Proposal Submitted Thursday 2/10

2013 - Chatham, NY
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Re: Draft Proposal Due Thursday 2/10

Post by Ven » Thu Feb 17, 2011 12:42 pm

jZip wrote:well in that case i see no reason to haul myself down there 2nite. just spoke with kenji and we agreed that if there was some benefit we'd come but it doesn't sound like it.

Great thanks for suggesting it. Hopefully it'll pass tonight. Any luck finding a place to play putting practice?

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Re: Proposal Submitted Thursday 2/10

Post by Ven » Fri Feb 18, 2011 5:59 am

Town of Chatham, NY Disc Golf Course Proposal

The Schenectady Disc Golf Club D/B/A DisCap submits the following proposal to the Chatham Town Board, for a disc golf course around the Town Hall of Chatham to the Chatham Town Board. DisCap will raise funds, design, survey, and provide labor to build the course. DisCap will also help in similar ways with the ongoing maintenance. The key to building the course will be the amount of funds and excitement we generate during the fund raising phase of the project. Without any effort so far we already have found that people in Chatham are attracted to the recreational leisure time challenge of Disc Golf.
1. THE PROJECT
DisCap is proposing the installation of an 18-hole disc golf course on the property surrounding the Chatham Town Hall, Gravel Mine, and Transfer Station. This would be the first step in developing this land into a park. If things go well, another 18 holes would be added to the land when the gravel mine is ready to be closed. This will save on the usual costs of returning the gravel mine to its natural state, and instead make some awesome disc golf holes. We have discussed making some all season walking trails with the Columbia Land Conservancy. At this time they are not impressed by the potential of this land to provide scenic trails. Nevertheless, Disc Golf is compatible with other recreational activities and would welcome and help with the construction of multiuse facilities.

Rationale:
There are now more than 2000 Disc Golf courses in the United States and Canada, nearly all installed by city and county parks departments. DisCap is proposing to install and help maintain this one. The Parks Departments have found that there are few recreational activities that offer the high benefit-to-cost ratio of disc golf. Disc golf has relatively low capital and maintenance costs compared with other recreational installations, is environmentally sound, is played year-round in all climates and is enjoyed immediately even by beginners of all ages.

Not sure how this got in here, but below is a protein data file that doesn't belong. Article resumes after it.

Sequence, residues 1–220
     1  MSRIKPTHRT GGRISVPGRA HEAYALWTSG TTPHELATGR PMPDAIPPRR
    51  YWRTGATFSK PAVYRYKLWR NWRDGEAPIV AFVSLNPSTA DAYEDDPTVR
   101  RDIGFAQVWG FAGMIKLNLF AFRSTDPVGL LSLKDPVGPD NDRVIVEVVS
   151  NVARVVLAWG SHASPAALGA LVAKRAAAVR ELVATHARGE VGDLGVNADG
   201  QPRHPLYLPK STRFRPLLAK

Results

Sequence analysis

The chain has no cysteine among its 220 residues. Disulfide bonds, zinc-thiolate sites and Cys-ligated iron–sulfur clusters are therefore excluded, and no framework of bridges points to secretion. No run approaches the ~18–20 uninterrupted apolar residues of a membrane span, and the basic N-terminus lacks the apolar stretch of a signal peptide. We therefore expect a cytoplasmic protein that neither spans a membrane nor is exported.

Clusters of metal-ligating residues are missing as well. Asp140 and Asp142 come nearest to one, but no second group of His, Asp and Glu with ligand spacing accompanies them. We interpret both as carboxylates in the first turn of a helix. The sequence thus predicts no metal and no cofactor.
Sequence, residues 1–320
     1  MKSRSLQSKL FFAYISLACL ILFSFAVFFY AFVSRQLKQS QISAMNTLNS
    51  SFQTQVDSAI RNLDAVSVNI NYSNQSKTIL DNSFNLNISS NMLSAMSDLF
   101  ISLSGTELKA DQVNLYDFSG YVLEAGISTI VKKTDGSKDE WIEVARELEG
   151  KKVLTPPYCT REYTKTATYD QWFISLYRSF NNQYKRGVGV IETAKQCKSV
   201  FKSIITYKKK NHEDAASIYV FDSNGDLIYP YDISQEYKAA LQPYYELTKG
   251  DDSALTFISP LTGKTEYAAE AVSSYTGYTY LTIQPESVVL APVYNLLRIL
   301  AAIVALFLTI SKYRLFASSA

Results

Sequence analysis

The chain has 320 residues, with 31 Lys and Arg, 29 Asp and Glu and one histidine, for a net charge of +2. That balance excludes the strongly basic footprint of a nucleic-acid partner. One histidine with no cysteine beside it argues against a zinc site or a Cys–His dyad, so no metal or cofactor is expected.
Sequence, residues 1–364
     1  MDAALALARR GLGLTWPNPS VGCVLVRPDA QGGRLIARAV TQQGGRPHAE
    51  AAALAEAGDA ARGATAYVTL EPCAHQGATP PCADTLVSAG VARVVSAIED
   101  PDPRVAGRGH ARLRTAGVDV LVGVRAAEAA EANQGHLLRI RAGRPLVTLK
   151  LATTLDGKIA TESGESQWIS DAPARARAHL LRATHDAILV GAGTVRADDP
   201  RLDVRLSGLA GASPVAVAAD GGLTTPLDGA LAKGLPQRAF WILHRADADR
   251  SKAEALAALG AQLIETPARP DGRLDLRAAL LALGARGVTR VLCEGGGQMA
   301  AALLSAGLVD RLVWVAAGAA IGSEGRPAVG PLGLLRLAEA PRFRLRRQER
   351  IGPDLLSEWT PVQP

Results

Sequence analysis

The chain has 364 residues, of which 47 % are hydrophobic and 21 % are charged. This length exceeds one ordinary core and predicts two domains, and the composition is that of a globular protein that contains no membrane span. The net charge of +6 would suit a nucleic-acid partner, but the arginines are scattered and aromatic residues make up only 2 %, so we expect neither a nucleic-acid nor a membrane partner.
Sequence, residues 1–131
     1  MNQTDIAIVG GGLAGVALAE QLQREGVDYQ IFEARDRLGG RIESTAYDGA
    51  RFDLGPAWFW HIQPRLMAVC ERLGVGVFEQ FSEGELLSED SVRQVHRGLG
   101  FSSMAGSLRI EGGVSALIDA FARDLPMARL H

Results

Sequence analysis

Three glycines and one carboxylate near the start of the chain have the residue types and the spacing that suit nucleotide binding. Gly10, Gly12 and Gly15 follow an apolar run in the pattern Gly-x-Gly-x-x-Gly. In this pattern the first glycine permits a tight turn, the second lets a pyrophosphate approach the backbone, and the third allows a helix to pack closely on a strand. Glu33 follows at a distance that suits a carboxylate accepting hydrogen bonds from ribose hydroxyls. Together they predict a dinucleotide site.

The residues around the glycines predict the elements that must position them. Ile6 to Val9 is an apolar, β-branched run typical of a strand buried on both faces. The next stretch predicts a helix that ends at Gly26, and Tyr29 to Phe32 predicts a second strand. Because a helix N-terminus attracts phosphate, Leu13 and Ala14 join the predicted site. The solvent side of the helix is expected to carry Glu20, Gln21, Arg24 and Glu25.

The installation of a disc golf course would be consistent with the Towns’ goals. Disc golf allows the emphasis of the natural attributes of the Town and that meet diversified recreational needs and offer opportunities not available elsewhere in the Town.

DisCap will hold introductory clinics, weekly leagues, and tournaments at the course. This will bring people into this area of town, who will spend money at the local businesses. In addition, there will be advertising opportunities at the course to stimulate spending locally.

Sales of discs and other accessories will grow with the sport. DisCap will try to encourage a local business or two to sell discs and accessories. Until we do, we will bring in local travelling vendors.

What Is Disc Golf?
Disc Golf is played much like traditional golf. Instead of hitting a ball into a hole, you throw a more streamlined looking Frisbee® disc into a supported metal basket. The goal is the same: to complete the course in the fewest number of shots. A golf disc is thrown from a tee area to each basket, which is the "hole". As players progress down the fairway, they must make each consecutive shot from the spot where the previous throw has landed. The trees, shrubs, and terrain changes in and around the fairways provide challenging obstacles for the golfer. Finally, the "putt" lands in the basket and the hole is completed. Disc golf is much easier than ball golf so instead of being so hard it is frustrating, most people quickly show improvement, which creates positive feedback and a desire to do it again.

Who Can Play?
The simple answer is that everyone can. In studies measuring participation in recreational activities, "throwing a Frisbee" has consistently been a top-ten activity. A disc golf course serves a broader portion of the community than many narrower interest activities with higher cost, skill or fitness levels required to even begin to play. Men and women, young and old, families with small children -- all can play disc golf. Because disc golf is so easy to understand and enjoy, no one is excluded. Players merely match their pace to their capabilities and proceed from there.

How Much Does It Cost To Play?